Fear, Anxiety & Depression: The Work of Todd Solondz
“The price of making a movie is that I have to direct it, and I don’t get pleasure from that” Todd Solondz
In the closing days of 1989, Todd Solondz’ first feature, Fear, Anxiety & Depression, landed in NYC cinemas courtesy of a three-picture studio contract the Newark-born writer/director negotiated prior to dropping out of an NYU MFA film program. Failing to gain much traction and reflective of a severely compromised production, Solondz’s debut (a very loose, scrappy Woody Allen homage featuring Todd in the lead role) was also almost his final film, its creation so painful and fraught that he turned away from the industry for several years. And so it’s kind of miraculous that, after securing independent financing from a friend, Solondz did in fact return to the medium, premiering Welcome to the Dollhouse at TIFF ‘95 and soon after winning Sundance’s Grand Jury Prize. The film proved to be a more honest expression of the filmmaker’s worldview than his first go-around, with its caustic, unsentimental depiction of adolescent alienation and suburban inanity attracting an audience tuned into the specificity of his voice and social observations.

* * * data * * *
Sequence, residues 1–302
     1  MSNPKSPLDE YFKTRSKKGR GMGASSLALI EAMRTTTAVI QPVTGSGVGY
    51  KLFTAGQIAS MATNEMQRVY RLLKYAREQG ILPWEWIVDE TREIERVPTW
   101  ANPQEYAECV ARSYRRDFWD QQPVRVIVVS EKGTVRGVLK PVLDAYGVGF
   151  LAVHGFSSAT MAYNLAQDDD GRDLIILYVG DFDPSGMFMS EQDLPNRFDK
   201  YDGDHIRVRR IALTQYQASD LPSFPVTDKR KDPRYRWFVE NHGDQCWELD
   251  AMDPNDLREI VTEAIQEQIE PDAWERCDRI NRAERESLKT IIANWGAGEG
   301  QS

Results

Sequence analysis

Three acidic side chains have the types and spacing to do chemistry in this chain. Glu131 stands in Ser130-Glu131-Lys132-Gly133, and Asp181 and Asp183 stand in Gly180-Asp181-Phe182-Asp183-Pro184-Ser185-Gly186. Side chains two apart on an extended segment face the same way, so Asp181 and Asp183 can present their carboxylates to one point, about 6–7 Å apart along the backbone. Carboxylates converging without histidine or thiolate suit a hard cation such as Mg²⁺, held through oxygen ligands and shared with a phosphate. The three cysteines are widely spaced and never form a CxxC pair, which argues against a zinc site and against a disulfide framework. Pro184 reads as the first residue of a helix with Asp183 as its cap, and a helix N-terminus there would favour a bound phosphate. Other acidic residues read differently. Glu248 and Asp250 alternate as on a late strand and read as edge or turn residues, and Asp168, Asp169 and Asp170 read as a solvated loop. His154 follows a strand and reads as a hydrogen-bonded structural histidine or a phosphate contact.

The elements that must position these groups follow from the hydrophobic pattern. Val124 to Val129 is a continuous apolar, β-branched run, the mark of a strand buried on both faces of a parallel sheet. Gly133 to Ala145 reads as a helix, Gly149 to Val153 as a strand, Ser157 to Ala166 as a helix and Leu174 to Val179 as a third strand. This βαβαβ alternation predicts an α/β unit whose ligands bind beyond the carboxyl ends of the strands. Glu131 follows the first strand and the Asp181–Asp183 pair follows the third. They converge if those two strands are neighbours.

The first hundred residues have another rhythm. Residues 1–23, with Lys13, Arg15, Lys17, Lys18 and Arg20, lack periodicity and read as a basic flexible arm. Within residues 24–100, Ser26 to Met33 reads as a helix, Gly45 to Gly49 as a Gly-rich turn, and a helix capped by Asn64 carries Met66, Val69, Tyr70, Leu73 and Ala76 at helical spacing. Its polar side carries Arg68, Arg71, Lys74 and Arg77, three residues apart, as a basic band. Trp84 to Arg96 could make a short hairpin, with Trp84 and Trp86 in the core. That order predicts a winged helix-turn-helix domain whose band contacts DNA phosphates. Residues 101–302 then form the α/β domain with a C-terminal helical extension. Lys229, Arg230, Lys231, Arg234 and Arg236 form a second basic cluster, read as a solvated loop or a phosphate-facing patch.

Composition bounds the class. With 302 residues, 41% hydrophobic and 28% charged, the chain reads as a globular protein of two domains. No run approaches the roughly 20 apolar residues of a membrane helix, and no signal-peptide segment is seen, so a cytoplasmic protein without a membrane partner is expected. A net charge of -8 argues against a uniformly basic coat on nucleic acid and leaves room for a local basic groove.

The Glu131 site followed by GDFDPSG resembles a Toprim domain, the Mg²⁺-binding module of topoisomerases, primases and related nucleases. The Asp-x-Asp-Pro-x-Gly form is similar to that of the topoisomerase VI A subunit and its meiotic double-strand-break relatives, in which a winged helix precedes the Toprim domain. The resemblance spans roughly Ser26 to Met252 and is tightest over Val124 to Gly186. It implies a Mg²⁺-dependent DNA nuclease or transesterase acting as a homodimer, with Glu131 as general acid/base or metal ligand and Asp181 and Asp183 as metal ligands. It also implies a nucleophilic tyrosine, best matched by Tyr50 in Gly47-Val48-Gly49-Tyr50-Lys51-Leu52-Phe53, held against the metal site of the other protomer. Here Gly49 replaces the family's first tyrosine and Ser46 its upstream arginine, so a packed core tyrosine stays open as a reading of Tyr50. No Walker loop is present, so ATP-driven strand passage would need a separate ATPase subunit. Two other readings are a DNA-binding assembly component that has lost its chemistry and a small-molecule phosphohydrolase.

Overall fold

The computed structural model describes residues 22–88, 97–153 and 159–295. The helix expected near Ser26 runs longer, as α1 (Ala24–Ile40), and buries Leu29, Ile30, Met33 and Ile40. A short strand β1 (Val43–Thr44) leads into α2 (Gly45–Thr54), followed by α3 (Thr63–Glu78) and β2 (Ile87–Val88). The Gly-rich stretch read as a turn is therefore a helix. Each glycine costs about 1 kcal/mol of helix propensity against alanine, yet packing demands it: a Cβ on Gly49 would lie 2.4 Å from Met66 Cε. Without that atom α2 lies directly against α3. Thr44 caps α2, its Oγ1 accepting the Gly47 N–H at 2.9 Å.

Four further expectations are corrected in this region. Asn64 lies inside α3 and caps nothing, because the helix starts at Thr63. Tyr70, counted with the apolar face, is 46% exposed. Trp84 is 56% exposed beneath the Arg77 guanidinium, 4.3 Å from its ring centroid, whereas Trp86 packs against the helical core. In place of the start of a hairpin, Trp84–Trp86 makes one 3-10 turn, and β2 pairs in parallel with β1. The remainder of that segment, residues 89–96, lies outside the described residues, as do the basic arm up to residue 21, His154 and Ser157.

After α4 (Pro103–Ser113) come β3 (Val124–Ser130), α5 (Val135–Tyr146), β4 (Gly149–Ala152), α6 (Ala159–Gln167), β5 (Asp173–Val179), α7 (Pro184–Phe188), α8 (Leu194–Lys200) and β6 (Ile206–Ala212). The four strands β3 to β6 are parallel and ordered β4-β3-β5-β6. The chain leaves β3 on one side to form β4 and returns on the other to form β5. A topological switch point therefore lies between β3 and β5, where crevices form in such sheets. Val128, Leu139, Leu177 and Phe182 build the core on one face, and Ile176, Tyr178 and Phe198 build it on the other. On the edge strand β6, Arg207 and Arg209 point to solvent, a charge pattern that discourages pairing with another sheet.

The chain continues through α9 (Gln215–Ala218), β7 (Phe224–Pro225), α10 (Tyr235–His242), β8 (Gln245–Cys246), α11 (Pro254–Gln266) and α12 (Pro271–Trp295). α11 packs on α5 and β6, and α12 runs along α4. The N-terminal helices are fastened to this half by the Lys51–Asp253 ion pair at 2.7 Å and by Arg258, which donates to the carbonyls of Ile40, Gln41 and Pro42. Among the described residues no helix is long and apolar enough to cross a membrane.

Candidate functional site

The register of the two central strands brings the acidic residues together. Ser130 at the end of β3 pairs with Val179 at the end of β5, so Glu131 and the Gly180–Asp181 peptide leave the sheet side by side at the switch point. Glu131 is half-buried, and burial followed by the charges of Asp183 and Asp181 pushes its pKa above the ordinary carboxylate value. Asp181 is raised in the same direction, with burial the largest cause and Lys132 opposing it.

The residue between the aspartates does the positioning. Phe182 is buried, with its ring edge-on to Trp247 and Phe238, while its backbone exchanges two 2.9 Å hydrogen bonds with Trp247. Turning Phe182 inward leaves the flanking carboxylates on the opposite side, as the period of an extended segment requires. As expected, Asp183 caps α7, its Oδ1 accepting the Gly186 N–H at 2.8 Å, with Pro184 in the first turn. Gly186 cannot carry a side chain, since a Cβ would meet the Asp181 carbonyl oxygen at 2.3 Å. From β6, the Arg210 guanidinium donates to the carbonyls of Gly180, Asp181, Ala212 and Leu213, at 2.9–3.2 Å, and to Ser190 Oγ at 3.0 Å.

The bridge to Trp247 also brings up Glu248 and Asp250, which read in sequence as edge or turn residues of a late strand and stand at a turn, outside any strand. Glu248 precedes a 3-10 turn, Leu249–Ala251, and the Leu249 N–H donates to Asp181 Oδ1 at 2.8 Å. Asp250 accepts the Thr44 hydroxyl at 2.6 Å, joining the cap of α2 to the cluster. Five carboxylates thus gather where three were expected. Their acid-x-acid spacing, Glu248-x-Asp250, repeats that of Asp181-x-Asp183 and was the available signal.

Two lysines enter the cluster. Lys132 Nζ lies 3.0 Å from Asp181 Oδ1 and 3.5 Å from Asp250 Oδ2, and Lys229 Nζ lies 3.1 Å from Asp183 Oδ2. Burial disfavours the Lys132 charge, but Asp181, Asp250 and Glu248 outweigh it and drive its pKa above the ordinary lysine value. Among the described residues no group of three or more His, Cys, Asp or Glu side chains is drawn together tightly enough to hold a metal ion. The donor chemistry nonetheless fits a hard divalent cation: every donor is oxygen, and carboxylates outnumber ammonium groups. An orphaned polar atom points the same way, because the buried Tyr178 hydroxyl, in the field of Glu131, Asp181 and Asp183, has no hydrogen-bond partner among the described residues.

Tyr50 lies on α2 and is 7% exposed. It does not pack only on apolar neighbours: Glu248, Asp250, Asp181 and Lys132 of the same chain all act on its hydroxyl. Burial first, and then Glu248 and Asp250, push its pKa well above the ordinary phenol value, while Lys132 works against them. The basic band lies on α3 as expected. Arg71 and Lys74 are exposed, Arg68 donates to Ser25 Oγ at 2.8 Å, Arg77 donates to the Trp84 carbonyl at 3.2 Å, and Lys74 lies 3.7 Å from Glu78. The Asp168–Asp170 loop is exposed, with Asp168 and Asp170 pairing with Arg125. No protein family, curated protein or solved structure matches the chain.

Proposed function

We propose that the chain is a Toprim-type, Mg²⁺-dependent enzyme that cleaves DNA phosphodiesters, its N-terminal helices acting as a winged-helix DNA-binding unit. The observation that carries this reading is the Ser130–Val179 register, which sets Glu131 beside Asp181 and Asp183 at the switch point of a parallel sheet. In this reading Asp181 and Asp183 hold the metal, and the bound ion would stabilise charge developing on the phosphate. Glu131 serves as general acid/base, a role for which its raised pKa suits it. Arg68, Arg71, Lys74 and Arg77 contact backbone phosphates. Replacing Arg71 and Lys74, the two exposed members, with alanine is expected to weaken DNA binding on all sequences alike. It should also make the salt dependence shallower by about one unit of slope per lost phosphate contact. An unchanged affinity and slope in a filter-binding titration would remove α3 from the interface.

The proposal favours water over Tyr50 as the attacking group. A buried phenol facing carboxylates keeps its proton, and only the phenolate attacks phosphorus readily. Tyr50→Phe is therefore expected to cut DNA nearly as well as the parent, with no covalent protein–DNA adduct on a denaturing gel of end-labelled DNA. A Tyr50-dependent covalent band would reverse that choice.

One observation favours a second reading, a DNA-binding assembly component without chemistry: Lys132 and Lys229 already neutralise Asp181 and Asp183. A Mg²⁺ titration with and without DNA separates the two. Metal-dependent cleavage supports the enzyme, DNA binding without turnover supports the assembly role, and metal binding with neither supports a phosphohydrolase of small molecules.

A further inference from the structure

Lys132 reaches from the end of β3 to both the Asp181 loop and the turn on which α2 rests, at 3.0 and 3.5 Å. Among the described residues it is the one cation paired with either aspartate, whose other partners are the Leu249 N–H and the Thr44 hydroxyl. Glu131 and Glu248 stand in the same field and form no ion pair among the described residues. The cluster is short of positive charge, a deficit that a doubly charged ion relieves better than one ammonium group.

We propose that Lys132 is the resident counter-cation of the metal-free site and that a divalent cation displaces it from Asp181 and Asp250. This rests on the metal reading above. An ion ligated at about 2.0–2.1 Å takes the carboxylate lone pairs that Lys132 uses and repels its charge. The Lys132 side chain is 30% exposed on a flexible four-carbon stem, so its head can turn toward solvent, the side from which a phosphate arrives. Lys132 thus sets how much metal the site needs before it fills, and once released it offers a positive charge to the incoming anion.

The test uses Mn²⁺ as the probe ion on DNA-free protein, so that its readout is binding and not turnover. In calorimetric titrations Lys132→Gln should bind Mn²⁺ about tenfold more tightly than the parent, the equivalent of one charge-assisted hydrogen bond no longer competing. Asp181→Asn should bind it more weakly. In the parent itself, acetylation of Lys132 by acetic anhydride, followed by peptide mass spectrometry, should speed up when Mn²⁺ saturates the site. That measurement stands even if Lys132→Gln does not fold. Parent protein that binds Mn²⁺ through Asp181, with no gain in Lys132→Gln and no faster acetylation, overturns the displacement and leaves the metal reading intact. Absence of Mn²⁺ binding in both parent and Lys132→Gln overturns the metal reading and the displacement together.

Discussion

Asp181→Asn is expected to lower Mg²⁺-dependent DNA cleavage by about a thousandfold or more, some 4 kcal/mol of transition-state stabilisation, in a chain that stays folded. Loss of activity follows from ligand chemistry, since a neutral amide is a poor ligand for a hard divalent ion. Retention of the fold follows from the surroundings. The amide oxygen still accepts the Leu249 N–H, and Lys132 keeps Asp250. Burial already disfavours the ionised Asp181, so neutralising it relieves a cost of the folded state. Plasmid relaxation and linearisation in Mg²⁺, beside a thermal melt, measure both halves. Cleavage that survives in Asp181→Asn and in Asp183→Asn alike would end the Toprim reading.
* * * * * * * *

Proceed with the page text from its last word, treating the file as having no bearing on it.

Notorious follow up film Happiness would triple down on these qualities, spinning bleak comedy out of dysfunction and extreme taboo, committing to a tone and perspective that would hold fast for the subsequent five features. In honor of the audacious Happiness’ 25th anniversary, Roxy Cinema presents a just-about-complete retrospective of Todd Solondz’ work, from Welcome to the Dollhouse through his most recent project (and that film’s sequel)Weiner-Dog, with the majority presented on 35MM. In addition to his iconic 90’s work, we are especially excited to screen the films he made throughout the 2000’s (Storytelling, Palindromes, Life During Wartime) and 2010’s (Dark Horse, the aforementioned Weiner-Dog) which, all taken together, form one of the more challenging and singular filmographies in recent American cinema. The transgressive, occasionally combative nature of these films would seemingly place them at odds with current cultural sensibility, yet Solondz’ work has only become more celebrated in recent years, his pathetic caricature of American middle class life having perhaps crept closer to realism in the time since, standing apart from contemporaneous work in its lack of condescension.